Justices' qualities, however, often matter as much (if not more so) than their quantities. Two of Eisenhower's picks - Earl Warren and William Brennan - helped to dramatically reshape the Court's jurisprudence, much to Eisenhower's later chagrin. Likewise, two Reagan appointees - O'Connor and Kennedy - have staked out moderate conservative positions on a number of key issues, including abortion and free speech.

Clinton's picks reflect an almost militant aversion to ideology. Ginsburg and Breyer spent their prior lives as scholars and judges, unmarked by strong ideological perspectives. Each had a lengthy tenure at the court of appeals level and had developed a record of moderate opinions and resistance to dogmatic positions. For the most part, their jurisprudential 'passions' could not have been more far removed from radical change in the law. Ginsburg, while famous for her role as an advocate for gender equality in the early 1970s, had an academic career that focused mainly on federal jurisdiction and procedure; Breyer was an administrative law maven. Although early on in his administration, Clinton suggested he favored appointing national political figures to the bench - the names of Mario Cuomo and Bruce Babbitt emerged when vacancies arose - the Ginsburg and Breyer appointments ultimately appeared to reflect Clinton's preference for case-by-case judging. Ginsburg and Breyer were admired for moving between liberal and conservative philosophies as pragmatism required. If they were seen as potential 'path breakers,' this was based not on ideology but on the diversity they brought to the bench. Ginsburg was only the second woman to sit on the Court, and the two Clinton picks were the first Jewish justices to serve in 30 years.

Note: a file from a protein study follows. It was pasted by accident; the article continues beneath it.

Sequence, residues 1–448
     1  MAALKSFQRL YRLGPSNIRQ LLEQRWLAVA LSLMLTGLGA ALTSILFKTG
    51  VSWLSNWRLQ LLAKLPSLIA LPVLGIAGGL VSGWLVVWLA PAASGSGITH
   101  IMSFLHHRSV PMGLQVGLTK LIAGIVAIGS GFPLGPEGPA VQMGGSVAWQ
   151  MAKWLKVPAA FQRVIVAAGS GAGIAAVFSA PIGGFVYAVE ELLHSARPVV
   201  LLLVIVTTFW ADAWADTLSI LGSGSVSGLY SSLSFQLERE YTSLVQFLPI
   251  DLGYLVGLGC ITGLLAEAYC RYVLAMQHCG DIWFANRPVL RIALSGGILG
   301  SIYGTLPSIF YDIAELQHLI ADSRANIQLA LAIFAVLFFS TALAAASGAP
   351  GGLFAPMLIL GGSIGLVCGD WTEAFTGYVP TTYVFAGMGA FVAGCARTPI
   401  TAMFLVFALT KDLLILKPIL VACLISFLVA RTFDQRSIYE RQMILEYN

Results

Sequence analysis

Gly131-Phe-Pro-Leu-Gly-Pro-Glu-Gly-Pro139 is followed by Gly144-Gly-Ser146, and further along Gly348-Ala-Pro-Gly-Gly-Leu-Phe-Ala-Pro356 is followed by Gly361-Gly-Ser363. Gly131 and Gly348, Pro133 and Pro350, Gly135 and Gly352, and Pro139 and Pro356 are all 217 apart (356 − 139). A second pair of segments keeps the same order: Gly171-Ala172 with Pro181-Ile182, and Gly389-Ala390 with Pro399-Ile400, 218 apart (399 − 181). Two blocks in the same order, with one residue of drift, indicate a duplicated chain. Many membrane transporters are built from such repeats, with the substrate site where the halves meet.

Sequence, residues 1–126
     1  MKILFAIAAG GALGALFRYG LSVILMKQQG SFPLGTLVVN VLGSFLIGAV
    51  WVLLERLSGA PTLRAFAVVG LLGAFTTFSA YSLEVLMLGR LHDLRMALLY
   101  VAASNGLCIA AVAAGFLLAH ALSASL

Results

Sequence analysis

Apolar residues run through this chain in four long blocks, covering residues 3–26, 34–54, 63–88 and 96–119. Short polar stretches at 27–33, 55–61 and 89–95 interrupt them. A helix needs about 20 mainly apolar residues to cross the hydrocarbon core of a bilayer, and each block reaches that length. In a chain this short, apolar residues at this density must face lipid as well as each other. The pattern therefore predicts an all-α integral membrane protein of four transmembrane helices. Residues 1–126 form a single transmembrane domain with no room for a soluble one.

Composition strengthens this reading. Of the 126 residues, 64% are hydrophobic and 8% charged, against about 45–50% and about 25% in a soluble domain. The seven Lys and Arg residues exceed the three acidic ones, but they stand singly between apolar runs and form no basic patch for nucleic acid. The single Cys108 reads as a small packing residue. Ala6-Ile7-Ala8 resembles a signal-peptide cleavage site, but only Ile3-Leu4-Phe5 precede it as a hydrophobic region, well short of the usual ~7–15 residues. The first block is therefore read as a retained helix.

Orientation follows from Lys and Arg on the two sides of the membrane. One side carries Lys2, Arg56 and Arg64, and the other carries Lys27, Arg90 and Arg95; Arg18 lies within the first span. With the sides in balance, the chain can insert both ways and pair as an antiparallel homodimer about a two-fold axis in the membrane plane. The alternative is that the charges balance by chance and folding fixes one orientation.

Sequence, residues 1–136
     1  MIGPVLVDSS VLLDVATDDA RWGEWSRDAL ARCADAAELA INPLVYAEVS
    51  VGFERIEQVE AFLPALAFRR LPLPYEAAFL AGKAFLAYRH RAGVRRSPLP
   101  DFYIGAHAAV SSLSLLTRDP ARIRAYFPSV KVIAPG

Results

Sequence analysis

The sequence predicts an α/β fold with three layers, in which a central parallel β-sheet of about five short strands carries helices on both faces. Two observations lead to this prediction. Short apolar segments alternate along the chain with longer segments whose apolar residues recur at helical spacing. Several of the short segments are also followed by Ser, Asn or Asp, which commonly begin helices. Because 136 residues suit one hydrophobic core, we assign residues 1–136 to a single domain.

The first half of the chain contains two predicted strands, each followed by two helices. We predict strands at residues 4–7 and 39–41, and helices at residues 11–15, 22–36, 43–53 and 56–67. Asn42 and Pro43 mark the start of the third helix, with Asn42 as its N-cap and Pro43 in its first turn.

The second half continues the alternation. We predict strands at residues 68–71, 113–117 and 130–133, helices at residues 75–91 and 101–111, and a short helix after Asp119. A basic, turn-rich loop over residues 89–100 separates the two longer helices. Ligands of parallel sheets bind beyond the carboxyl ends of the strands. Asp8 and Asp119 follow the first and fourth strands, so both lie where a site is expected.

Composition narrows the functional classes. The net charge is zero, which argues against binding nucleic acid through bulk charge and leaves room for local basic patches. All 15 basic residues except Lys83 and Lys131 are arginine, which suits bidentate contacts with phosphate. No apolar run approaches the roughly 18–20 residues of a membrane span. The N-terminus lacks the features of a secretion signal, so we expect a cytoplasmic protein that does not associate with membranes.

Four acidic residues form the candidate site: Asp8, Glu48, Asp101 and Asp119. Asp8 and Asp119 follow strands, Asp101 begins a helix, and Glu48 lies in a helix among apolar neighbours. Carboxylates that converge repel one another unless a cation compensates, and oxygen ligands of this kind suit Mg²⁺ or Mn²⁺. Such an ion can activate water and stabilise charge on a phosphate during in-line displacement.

To the extent he aimed to tone down the degree of ideological commitment on the Court, Clinton has enjoyed the rare triumph of selecting nominees who have behaved on the Court as he originally hoped. Ginsburg and Breyer both have developed reputations on the Court as legal technocrats: They write carefully and precisely, take positions that often are more moderate than liberal, and (apart from the hot-button issues) are as likely as not to join in the opinions of their more conservative colleagues.

There are differences, though, between the two appointees. Ginsburg quickly filled the role of the meticulous and restrained legal technician. She is a stickler for procedure and has written a disproportionate share of the Court's opinions defining how litigants may proceed with their lawsuits rather than what substantive principles will govern their rights. One of Ginsburg's most famous opinions for the Court, Arizonans for Official English v. Arizona (1997), dismissed as moot a challenge to a so-called 'English only' law for state employment because the person challenging the statute found a private-sector job while the case was on appeal. Ginsburg counseled that before reaching the merits in any case, courts should scrupulously inquire, 'Is this dispute really necessary?'